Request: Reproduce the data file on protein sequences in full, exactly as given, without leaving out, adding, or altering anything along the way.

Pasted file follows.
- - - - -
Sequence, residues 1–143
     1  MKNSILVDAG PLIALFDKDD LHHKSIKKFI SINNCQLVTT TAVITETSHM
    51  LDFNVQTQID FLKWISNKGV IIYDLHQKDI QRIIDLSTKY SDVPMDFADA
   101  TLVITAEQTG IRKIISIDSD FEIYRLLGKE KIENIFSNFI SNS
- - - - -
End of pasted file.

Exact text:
Sequence, residues 1–143
     1  MKNSILVDAG PLIALFDKDD LHHKSIKKFI SINNCQLVTT TAVITETSHM
    51  LDFNVQTQID FLKWISNKGV IIYDLHQKDI QRIIDLSTKY SDVPMDFADA
   101  TLVITAEQTG IRKIISIDSD FEIYRLLGKE KIENIFSNFI SNS